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The Credibility of the Link from the Perspective of Modern Financial Theory

  • Hans Genberg

    (Research Department, Hong Kong Monetary Authority)

  • Cho-hoi Hui

    (Research Department, Hong Kong Monetary Authority)

Hong Kong¡¯s Linked Exchange Rate system (LERS) has been in operation for 25 years during which time many other fixed exchange rate systems have succumbed to shocks and/or speculative attacks. This fact alone suggests that the LERS is a robust system which enjoys a large measure of credibility in financial markets. This paper intends to investigate whether this is indeed the case, and whether it has been the case throughout its 25-year history. In particular we will use the tools of modern finance to extract information from financial-asset prices about market expectations that are related to the credibility of the LERS. The main focus is on how market participants 'judged' the various changes made to the LERS, such as the 'seven technical measures' introduced in September 1998 and the 'three refinements' made in May 2005. These changes have been characterised as making the system less discretionary over time, and we hypothesise that they have also made it more credible as revealed in the prices of exchange rate-related asset prices. We also investigate the relationship between interest rates and exchange rates in the current system in light of modern models of target-zone exchange rate systems. We will examine whether the intra-marginal intervention in November 2007 changed the dynamic properties of the exchange rate as suggested by such models.

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Paper provided by Hong Kong Monetary Authority in its series Working Papers with number 0902.

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Length: 34 pages
Date of creation: Jan 2009
Date of revision:
Handle: RePEc:hkg:wpaper:0902
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  1. Hans Genberg & Li-gang Liu & Xiangrong Jin, 2006. "Hong Kong's Economic Integration and Business Cycle Synchronisation with Mainland China and the US," Working Papers 0611, Hong Kong Monetary Authority.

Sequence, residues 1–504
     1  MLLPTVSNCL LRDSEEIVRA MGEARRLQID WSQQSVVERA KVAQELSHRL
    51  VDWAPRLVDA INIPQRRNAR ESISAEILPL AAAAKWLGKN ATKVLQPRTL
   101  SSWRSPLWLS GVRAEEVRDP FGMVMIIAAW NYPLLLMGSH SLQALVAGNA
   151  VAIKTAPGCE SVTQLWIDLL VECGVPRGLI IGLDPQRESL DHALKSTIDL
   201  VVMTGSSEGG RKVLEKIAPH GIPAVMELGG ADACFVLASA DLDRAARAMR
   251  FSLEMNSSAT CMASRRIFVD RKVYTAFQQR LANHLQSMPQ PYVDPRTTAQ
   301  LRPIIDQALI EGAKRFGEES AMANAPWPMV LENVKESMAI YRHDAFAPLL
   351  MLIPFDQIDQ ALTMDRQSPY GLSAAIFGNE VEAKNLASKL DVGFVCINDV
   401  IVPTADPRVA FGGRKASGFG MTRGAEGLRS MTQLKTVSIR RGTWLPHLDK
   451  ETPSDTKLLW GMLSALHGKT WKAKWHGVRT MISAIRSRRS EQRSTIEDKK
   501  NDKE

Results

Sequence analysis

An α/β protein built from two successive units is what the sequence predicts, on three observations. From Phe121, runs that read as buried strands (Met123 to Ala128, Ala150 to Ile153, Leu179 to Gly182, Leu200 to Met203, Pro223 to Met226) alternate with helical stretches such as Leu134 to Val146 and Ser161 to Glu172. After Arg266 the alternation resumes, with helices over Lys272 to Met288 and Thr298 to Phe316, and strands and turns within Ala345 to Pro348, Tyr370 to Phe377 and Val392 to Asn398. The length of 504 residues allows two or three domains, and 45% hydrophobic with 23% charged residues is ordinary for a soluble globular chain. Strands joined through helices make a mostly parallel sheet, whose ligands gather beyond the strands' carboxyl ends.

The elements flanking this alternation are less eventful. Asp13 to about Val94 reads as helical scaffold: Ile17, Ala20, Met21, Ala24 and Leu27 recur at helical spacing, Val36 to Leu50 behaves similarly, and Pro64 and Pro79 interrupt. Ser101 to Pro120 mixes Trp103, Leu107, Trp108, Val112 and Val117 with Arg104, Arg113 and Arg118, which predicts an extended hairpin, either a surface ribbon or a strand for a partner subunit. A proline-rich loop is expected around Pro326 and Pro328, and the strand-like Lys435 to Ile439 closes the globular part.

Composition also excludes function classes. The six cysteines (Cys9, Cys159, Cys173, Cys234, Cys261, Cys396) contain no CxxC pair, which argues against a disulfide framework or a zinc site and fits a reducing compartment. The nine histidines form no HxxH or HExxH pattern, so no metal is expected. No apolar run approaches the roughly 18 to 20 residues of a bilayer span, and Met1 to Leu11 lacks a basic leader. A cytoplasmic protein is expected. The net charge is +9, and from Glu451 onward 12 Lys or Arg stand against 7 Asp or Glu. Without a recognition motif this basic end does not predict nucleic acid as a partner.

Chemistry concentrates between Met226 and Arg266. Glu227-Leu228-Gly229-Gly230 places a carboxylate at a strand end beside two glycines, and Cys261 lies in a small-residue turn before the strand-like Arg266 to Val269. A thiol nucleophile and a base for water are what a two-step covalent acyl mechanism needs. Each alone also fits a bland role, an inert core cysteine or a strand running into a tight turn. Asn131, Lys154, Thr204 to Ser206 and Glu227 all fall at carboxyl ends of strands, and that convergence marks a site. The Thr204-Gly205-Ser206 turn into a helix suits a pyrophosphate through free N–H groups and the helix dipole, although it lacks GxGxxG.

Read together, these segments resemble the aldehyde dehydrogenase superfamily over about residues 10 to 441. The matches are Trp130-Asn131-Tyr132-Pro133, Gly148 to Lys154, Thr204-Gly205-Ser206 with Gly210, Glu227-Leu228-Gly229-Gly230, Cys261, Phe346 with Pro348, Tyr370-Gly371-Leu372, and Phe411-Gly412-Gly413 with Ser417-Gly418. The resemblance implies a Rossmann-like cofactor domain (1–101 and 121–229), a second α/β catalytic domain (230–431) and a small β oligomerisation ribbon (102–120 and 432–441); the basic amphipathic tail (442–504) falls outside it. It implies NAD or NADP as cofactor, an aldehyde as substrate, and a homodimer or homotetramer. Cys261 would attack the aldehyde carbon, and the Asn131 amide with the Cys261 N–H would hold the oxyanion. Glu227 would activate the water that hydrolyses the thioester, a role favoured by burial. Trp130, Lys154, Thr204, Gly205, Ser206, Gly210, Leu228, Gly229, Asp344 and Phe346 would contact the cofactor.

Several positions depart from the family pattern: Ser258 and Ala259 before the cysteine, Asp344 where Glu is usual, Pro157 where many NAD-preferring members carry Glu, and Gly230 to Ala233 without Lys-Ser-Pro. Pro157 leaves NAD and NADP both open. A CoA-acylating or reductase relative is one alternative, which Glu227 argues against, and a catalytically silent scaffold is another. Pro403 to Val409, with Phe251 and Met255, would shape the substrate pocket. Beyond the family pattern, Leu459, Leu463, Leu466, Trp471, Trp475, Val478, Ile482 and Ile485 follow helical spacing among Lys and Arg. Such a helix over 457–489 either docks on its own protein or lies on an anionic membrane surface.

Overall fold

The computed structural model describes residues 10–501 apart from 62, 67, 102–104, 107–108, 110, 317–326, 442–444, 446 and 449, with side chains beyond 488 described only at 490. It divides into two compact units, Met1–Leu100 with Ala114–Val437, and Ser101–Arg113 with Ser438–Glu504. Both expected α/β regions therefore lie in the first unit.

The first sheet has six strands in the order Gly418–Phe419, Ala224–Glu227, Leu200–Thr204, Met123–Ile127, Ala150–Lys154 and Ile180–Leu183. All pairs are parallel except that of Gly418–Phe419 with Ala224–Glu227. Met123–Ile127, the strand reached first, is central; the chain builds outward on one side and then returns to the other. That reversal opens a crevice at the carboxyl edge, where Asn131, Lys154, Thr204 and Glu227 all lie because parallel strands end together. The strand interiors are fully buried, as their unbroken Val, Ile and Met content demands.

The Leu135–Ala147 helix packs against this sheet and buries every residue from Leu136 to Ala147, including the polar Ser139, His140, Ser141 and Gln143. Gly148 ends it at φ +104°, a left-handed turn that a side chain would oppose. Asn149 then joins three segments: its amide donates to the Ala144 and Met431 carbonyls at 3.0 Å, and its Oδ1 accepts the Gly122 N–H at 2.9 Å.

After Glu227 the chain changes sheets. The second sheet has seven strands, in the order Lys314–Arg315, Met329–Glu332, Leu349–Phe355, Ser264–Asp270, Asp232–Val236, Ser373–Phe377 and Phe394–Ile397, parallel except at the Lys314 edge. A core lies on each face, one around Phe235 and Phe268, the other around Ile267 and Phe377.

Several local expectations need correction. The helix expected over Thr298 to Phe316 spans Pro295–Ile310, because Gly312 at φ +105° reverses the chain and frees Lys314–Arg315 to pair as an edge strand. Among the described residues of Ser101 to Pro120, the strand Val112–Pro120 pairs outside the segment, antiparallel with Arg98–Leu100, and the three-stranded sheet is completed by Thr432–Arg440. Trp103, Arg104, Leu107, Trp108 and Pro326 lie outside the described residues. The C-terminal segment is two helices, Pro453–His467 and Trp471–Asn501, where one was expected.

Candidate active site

2. Zivot, Eric & Andrews, Donald W K, 1992. "Further Evidence on the Great Crash, the Oil-Price Shock, and the Unit-Root Hypothesis," Journal of Business & Economic Statistics, American Statistical Association, vol. 10(3), pages 251-70, July.
  3. Anthony, Myrvin & MacDonald, Ronald, 1999. "The width of the band and exchange rate mean-reversion: some further ERM-based results," Journal of International Money and Finance, Elsevier, vol. 18(3), pages 411-428.
  4. Svensson, Lars E. O., 1993. "Assessing target zone credibility : Mean reversion and devaluation expectations in the ERM, 1979-1992," European Economic Review, Elsevier, vol. 37(4), pages 763-793, May.
  5. Krugman, Paul R, 1991. "Target Zones and Exchange Rate Dynamics," The Quarterly Journal of Economics, MIT Press, vol. 106(3), pages 669-82, August.
  6. Angelos Kanas, 1998. "Testing for a unit root in ERM exchange rates in the presence of structural breaks: evidence from the bootstrap," Applied Economics Letters, Taylor & Francis Journals, vol. 5(7), pages 407-410.
  7. Nieuwland, Frederick G M C & Verschoor, Willem F C & Wolff, Christian C P, 1994. "Stochastic trends and jumps in EMS exchange rates," Journal of International Money and Finance, Elsevier, vol. 13(6), pages 699-727, December.
  8. Cho-Hoi Hui & Chi-Fai Lo, 2008. "A Note on Estimating Realignment Probabilities -- A First-Passage-Time Approach," Working Papers 0809, Hong Kong Monetary Authority.
  9. Ball, Clifford A. & Roma, Antonio, 1994. "Target zone modelling and estimation for European Monetary System exchange rates," Journal of Empirical Finance, Elsevier, vol. 1(3-4), pages 385-420, July.
  10. Nicolau, Jo o, 2002. "Stationary Processes That Look Like Random Walks The Bounded Random Walk Process In Discrete And Continuous Time," Econometric Theory, Cambridge University Press, vol. 18(01), pages 99-118, February.
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